Who lives in the diocese’s affordable ‘luxury’ housing?


After spending a year interning at the Diocesan Housing Services Corporation of the Diocese of Camden, Inc. (DHSC), I learned the process of developing and managing “affordable housing” for very low to moderate-income persons in Southern New Jersey.

What I didn’t expect was to learn a concept academia failed to mention but brought to life by DHSC — that everyone, especially those of lower income, deserves not only “affordable” housing but also “luxury” housing.

I came to this conclusion after learning that the group of very low to moderate income persons DHSC serves includes the very low to the highly educated. Finding out who lives in DHSC’s “luxury” affordable housing and how DHSC’s housing affects their lives was the best part of the entire experience at DHSC. The benefits affordable “luxury” housing provides to residents are worth all the money spent and all the time and manpower expended.

In August, I sent a survey to every DHSC’s housing development in which residents were asked to answer at least 10 questions. The response rate varied among four sites —Victorian Towers (Cape May), Davenport Village (Hainesport), Village Apartments of Cherry Hill (Cherry Hill Township), and Shepherd’s Farm (West Deptford Township) — totaling 110 responses.

As expected from the U.S. Housing and Urban Development (HUD) 202 program restrictions, a large majority of residents are over 62 years old with 26 percent ranging from 81 to 90 years old. Almost all have lived in DHSC’s housing development for at least a year, while half have been a resident for longer than five years.

Almost half waited less than a year to acquire a DHSC’s housing unit due to the lottery system of choosing qualified tenants. For those remaining, almost half waited from one to two years, with a few residents waiting three or more years before DHSC’s housing unit became available.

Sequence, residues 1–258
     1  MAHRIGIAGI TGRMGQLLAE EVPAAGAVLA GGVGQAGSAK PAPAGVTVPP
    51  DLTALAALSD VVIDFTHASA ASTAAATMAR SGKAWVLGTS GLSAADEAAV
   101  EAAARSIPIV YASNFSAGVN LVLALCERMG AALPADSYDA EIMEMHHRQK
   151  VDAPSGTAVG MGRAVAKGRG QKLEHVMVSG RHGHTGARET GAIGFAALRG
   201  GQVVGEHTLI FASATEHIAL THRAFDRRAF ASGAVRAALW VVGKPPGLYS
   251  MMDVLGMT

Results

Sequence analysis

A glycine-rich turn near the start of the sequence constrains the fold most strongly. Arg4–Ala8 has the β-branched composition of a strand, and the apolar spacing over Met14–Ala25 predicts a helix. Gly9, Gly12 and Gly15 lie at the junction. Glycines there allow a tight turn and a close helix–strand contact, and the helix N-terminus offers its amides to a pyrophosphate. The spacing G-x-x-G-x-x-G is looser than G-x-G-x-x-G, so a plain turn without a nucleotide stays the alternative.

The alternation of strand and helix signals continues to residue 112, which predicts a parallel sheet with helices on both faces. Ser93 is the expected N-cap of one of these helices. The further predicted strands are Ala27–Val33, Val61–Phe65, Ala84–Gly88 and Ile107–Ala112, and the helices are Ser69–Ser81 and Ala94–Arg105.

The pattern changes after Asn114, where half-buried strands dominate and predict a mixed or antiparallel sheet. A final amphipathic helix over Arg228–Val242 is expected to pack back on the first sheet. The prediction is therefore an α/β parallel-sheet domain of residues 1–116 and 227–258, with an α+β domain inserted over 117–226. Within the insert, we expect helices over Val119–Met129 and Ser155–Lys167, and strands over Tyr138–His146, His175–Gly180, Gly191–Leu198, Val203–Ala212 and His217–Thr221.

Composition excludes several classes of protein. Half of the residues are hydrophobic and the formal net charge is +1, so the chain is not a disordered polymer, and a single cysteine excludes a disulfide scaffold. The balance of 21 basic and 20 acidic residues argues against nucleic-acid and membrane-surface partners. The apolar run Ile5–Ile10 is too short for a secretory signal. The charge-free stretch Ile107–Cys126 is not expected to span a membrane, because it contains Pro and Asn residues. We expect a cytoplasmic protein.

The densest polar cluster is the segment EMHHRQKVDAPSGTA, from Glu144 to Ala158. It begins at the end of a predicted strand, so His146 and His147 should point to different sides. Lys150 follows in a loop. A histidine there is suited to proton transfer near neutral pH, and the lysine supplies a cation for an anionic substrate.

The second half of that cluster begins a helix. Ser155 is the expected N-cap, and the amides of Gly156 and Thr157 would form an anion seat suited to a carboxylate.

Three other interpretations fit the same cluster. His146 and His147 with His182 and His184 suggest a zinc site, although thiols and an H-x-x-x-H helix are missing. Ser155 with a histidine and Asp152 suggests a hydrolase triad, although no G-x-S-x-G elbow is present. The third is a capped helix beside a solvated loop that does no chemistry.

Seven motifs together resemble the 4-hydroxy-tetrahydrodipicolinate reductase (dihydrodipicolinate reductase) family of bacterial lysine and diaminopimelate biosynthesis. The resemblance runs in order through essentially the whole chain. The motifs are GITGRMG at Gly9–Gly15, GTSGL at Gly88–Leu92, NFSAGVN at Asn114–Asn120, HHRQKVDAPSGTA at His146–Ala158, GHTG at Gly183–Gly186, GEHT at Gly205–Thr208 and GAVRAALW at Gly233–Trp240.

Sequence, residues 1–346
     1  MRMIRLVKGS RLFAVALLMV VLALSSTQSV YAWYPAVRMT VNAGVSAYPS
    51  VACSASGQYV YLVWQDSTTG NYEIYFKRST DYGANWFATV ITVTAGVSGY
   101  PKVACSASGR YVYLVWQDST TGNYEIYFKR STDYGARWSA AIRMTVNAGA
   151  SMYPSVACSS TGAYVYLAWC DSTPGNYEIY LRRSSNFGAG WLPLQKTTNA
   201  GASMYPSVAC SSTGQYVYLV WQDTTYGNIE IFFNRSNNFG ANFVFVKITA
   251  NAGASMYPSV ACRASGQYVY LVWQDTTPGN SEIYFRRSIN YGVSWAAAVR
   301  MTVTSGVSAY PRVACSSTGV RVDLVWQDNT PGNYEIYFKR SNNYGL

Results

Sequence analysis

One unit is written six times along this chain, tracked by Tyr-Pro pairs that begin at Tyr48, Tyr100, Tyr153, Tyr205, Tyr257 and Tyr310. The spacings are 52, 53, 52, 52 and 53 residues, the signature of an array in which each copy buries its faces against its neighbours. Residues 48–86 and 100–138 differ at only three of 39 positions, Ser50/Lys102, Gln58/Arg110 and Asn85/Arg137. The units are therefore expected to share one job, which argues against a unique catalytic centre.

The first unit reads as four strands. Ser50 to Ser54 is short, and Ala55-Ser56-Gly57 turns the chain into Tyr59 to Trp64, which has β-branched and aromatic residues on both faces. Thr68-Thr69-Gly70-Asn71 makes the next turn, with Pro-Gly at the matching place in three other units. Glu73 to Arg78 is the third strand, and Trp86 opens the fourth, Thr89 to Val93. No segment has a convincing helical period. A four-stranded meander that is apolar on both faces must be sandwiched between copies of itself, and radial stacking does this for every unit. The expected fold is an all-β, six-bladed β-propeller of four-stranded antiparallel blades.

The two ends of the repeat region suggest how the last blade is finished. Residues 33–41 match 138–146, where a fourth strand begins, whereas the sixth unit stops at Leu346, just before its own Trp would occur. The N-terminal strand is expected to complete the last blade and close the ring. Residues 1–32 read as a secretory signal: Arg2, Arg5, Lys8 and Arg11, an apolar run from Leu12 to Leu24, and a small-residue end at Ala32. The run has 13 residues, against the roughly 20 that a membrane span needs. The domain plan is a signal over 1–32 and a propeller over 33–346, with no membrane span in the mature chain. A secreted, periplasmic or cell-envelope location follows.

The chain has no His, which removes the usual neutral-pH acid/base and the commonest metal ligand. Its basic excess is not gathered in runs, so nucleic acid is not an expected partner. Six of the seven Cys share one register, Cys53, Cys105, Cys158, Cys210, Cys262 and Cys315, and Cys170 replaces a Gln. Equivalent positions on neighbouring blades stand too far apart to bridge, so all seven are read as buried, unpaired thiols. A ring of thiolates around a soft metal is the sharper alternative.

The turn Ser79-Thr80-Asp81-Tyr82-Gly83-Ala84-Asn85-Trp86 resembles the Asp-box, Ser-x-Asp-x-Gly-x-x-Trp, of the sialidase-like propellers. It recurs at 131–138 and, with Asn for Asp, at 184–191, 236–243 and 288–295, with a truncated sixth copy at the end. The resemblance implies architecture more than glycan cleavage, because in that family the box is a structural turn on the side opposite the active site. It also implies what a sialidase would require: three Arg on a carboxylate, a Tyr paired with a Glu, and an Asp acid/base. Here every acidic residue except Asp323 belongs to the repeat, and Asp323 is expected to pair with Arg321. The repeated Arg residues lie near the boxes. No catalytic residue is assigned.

A third of the residents who responded were veterans or in the military. Occupations varied widely from salesperson/cashier, waitress, dispatcher, hairstylist and factory worker to teacher to auditing examiner. There was a crossing guard, registered nurse, youth counselor, floral designer, residential aide, compliance auditor, IRS tax auditor, insurance underwriter, paraprofessional aide to children with autism, cardiopulmonary technologist, traffic analyst and skin care specialist among many more.

The wide range of occupations was the most shocking finding from the survey. Almost all lived in New Jersey for over 20 years. Some were born and raised in South Jersey, and none have been a New Jersey resident for less than a year.

Over half (62 percent) of the respondents agreed living in DHSC’s housing is both “affordable” to their budget and a “luxury” that has empowered them; developed or kept their dignity; led them to become more optimistic in life, self-sufficient, independent, and feel more secure in their residential environment.

Affordable “luxury” housing further led them to become more socially active, and to save more money to purchase other essentials. Almost all (98 percent) of the respondents said DHSC’s housing empowered them to reach their highest potential.

One resident at Davenport Village said, “I’m happy to be a resident here, at least until I can buy a house of my own. Thank you.”

A mother with children at the same site said, “My children are very comfortable and feel a sense of security.”

At the Village Apartments in Cherry Hill, one senior stated that “the feeling of home, belonging, or being welcomed has been and is a special part of living here.”

The faith-based connection DHSC’s housing sites has is a plus. It is one reason why a few of the respondents purposely chose to live in DHSC’s units. As one respondent from Stonegate said, “I am thankful because it’s close to the church of St. Stephen.”

Why do residents at DHSC’s housing developments feel these positive impacts? DHSC’s builds and manages “luxury” housing that have the following characteristics:

— cleanliness at its sites;

— site locations with external advantages (e.g. Davenport Village is in Hainesport with nearby shopping, recreation, churches and a good school district);

— lower energy costs (because DHSC institutes Energy Star appliances and other sustainable building methods);

— better unit appliances (which also helps lower energy costs);

— a faith-based association with the Catholic Church;

— a welcoming, decent physical interior and exterior;

— a secure environment;

— a professional and caring property management team, plus the offerings of various social events and amenities throughout the year.

The highest traits that respondents said distinguishes their DHSC’s housing site from other affordable housing units are cleanliness, site location, good property management, secure environment, and lower energy costs.

Those distinguishing traits make sense because now I’m in Hong Kong where the basic principle of supply and demand makes a square foot extraordinarily expensive. I wish the DHSC could build affordable “luxury” housing for the vanishing middle-class and the growing poor.

Kwan Hui, Intern, Diocesan Housing Services Corporation of the Diocese of Camden, Inc.